The Cabinet Committee on Economic Affairs (CCEA) approved last week a new Remission of Duties or Taxes on Export Products (RoDTEP) scheme that will reimburse central and state taxes, duties and cess on petroleum products and electricity and levies other than the goods and services tax (GST) that are embedded in the value of the export. This is in sync with the general rule that countries export goods and services, not taxes, but still convoluted. A far simpler way would be to subsume all indirect taxes under GST and to refund exporters all indirect tax payment as input tax credit.
Nevertheless, the government hopes that the new WTO-compliant scheme, which will replace the Merchandise Exports from India Scheme, will help boost exports that have been tepid. Exports grew for the first time in seven months by 2.9% to $37.5 billion in February but worries that a prolonged coronavirus contagion could hurt India’s trade and economy are not misplaced.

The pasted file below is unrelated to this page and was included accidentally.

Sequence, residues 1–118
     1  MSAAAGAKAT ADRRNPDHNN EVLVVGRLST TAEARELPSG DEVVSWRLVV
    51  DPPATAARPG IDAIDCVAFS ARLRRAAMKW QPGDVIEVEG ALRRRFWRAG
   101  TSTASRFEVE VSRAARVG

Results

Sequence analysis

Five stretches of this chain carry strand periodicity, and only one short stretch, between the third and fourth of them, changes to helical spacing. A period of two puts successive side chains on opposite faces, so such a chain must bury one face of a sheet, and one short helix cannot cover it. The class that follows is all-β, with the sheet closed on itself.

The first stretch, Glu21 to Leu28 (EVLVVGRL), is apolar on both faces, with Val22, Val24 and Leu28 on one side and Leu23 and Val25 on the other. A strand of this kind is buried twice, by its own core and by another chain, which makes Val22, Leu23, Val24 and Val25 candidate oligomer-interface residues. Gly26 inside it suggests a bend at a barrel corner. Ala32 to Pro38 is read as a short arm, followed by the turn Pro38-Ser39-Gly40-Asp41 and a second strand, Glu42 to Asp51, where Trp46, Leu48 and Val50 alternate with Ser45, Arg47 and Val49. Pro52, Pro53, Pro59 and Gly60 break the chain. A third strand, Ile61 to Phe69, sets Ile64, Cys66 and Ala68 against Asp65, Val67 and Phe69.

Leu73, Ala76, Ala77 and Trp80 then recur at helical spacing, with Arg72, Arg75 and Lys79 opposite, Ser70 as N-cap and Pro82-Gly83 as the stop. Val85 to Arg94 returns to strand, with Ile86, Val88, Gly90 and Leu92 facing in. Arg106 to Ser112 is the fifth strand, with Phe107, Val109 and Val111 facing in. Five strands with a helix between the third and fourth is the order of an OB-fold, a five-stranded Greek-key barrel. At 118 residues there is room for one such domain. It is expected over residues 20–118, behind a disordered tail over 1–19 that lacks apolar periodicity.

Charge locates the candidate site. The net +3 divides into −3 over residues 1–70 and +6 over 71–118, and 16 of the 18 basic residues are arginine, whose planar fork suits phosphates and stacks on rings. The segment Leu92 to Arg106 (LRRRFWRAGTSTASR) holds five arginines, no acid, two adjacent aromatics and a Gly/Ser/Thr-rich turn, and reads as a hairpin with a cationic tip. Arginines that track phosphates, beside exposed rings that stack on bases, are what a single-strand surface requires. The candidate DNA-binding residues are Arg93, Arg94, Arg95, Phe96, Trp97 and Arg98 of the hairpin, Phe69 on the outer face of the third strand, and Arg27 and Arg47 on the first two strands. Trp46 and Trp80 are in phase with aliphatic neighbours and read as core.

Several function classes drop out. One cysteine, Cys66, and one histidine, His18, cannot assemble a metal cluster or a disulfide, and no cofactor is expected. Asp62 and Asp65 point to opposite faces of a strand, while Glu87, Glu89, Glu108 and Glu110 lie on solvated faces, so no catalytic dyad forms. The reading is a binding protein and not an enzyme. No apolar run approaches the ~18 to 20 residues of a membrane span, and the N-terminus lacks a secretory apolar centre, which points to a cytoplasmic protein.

The best way to help exporters is to swiftly bring all indirect taxes under GST so that exporters who have paid taxes in the value chain ending in export would only have to claim a refund. It is more efficient than reimbursements under the new scheme that involves setting up a committee to fix the rates.
Refunds under the new scheme will be in the form of a transferable duty credit/electronic scrip to be issued to exporters.
VAT and other levies on fuel used in transportation, mandi tax, duty on electricity used during manufacturing and so on would be covered for reimbursement. Digitisation is fine, but there is no reason why electricity duty, mandi tax or any of the other levies targeted by RoDTEP should be kept out of GST. It breaks the GST chain and creates systemic inefficiencies that create large holes in the tax net.